I was at a coffee shop the other day where I go to get a lot of writing done. It’s a place where they really care about their coffee, the staff appears to be quite close knit and it seems like they have a good work culture (albeit one that would fit the “hipster” label!).
This particular afternoon, a rather loud older lady with a strong foreign accent came in. It was clear she hadn’t been there before, as she didn’t go to the “right” area to place her order but marched up to the coffee delivery area.
I had made my way to a table by then and had started working, but her loud delivery and expectation to be served immediately and thoroughly caught my attention.
What followed was really interesting. Two of the staff had a pretty visceral reaction to having a customer who was not in their general customer demographic and was behaving in a way they weren’t used to. One guy completely shut down his normally nice persona, and his antipathy to the interloper clearly showed on his face.
The clash of behavioral types and cultures created a rapid escalation of tensions. I’m almost positive that neither side realized how they were coming across, and yet the interaction created tension through the room.
As things were about to turn nasty, a longstanding employee intervened. He asked the woman in a friendly way about her accent, guessing where she was from and getting close. The lady was delighted and started backing down her escalating demands. The other employees started listening to what she wanted and taking her order, and the normal life of the coffee shop started up again.
The Problem with “The Other”
So, why did I find this so fascinating? I think it’s a great example of what can happen in our normal work lives when we deem someone as “the other.” We:
- Shut down
- Stop treating people with respect
- Stop doing our jobs (well, or at all)
- Get angry
- Escalate tensions
- Alienate or disturb others
All of these things were vividly on display in this coffee shop interaction.
How do you know if you’re treating someone as “the other”? If you find yourself after an interaction saying things such as…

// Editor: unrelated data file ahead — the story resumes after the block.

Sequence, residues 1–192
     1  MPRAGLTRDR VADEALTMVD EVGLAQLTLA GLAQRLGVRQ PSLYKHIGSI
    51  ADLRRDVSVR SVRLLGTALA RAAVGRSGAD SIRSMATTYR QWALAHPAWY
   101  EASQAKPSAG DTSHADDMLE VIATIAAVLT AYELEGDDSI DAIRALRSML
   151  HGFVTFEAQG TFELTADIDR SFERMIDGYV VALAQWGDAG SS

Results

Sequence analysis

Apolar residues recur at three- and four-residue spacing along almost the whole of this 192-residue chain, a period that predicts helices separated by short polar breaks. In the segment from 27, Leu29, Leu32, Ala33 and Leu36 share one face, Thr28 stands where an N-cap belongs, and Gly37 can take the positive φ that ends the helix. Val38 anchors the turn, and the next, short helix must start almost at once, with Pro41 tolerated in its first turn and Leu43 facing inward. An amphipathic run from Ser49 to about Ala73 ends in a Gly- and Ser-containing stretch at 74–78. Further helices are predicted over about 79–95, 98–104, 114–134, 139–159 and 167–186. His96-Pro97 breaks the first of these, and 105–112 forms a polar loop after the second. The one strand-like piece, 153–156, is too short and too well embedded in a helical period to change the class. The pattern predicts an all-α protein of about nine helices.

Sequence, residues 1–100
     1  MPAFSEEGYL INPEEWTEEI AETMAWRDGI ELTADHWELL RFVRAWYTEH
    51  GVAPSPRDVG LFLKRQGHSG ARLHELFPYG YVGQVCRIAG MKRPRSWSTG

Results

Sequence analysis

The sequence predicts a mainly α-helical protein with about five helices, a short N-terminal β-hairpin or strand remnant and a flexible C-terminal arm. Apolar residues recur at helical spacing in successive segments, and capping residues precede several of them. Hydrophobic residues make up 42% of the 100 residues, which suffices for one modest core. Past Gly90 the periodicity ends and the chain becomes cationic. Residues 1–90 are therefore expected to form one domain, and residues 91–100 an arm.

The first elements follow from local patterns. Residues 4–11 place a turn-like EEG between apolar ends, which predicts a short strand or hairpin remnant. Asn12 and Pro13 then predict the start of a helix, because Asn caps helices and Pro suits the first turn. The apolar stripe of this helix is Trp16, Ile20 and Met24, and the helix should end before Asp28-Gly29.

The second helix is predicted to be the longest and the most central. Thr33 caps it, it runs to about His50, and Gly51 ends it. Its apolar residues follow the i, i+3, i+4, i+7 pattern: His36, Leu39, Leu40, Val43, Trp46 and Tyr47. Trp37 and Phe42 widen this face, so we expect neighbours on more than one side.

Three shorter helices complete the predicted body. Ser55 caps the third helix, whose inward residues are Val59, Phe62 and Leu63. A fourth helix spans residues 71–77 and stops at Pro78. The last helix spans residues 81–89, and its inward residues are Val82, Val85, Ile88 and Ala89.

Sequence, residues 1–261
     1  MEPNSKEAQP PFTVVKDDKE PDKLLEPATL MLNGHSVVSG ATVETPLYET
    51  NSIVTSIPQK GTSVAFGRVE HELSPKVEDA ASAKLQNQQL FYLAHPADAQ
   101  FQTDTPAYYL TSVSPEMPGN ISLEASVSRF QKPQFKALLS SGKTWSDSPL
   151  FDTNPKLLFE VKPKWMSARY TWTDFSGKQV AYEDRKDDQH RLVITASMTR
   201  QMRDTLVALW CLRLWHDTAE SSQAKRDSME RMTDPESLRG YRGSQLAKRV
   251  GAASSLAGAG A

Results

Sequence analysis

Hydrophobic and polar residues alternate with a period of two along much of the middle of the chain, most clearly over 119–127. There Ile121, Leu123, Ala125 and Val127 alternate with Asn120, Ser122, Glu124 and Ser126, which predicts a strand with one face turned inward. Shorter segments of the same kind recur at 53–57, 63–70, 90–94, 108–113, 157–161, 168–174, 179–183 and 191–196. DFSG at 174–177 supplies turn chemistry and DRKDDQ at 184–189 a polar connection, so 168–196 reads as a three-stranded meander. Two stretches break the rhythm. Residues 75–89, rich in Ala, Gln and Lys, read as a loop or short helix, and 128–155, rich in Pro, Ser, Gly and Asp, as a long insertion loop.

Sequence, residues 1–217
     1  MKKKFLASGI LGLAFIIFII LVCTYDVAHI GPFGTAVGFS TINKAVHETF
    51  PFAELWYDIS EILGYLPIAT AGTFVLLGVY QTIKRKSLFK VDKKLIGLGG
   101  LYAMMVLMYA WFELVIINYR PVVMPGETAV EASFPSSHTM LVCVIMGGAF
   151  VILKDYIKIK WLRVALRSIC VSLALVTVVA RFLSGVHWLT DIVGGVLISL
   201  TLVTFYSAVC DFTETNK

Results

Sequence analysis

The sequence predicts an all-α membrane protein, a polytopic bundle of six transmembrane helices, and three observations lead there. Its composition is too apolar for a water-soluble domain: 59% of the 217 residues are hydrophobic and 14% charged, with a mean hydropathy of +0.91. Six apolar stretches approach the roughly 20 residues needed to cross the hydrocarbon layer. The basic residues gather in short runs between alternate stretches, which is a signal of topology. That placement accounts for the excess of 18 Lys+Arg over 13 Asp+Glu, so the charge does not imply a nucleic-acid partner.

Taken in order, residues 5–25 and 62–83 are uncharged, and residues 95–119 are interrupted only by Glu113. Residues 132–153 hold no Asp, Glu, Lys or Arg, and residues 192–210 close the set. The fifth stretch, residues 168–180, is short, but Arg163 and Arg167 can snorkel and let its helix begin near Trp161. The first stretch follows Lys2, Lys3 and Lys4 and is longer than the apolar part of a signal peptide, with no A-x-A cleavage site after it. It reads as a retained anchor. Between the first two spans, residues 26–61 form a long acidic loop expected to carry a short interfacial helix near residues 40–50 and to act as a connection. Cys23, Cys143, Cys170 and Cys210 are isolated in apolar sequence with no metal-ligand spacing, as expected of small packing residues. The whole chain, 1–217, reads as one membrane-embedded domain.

- “That makes no sense.”
- “I can’t believe he said that.”
- “She’s unbelievable.”
- “He’s not rational!”
- “I don’t get her.”
…Then guess what? You’re probably seeing whoever you had that conversation with as “the other.”
Why You Should Care
Many people don’t like how this type of interaction makes them feel or how it affects their relationship with the other person. For one, it makes for a far less pleasant work environment, as we often can’t avoid that person entirely. It also leaves us feeling emotional and even out of control.
Not getting a handle on reactions like this can be career-limiting, as playing well with others is a critical skill. (Click here to tweet this thought.) Conflict will happen, but when you start thinking this way, you’ve lost your capacity to have empathy for the other person and any connection you might have had with them fades — which only escalates the negative reactions.
How to Avoid It
Here are a couple ways to get back on track and de-escalate the situation – and, in the process, make yourself and the other person feel better.
When you find yourself having this kind of reaction, you have to do some self-management in the moment to get yourself to calm down.
- Concentrate on emptying your lungs. This specific focus can be more effective than simply telling yourself to “take a deep breath” or breathe.
- Grab onto anything that mentally calms you down — a picture in your head, a mantra or phrase that you find calming.
- Check in with yourself. Conscious recognition that you’re feeling upset with or alienated by this person gives you more distance from the emotion.
- Take a break, if possible. Ask if you can leave and come back in a couple of minutes.
These steps buy you some time to let your thinking brain take over.
Once you’ve gotten yourself under control, do something that helps you reconnect with that other person.
If you’re facing an upset client or customer:
- Ask them something about themselves.
- Find one small thing you can solve. Really good negotiators focus on getting agreement on small things first in difficult negotiations.
- Fall back on the manners your mama drilled into you and ask one of those conventional questions we ask strangers to be polite — it’s a script that both allows you to follow a norm and buys some time to cool down.
If you are facing an irate boss:
- Reach for a phrase that lets them know you’re paying attention, even if it’s difficult for you to do so. The phrase “I hear what you’re saying” is effective here.
- Parse, if you can, what they seem to be upset about. This may not be what they are literally saying.
We won’t like everyone we come across at work, but there are ways we can stop ourselves from seeing them as “the other” and maintain an effective working relationship.
In what situations have you labeled someone as “the other”? How could you have handled it differently?
Katie Slater is a recovering attorney turned professional coach who helps high-potential women from technical and analytical backgrounds as they get more senior. She founded Career Infusion in 2011 to show corporate and individual clients how to use the valuable assets they already have to be more successful and achieve greater growth. Follow them on Twitter @careerinfusion and on Facebook or at firstname.lastname@example.org.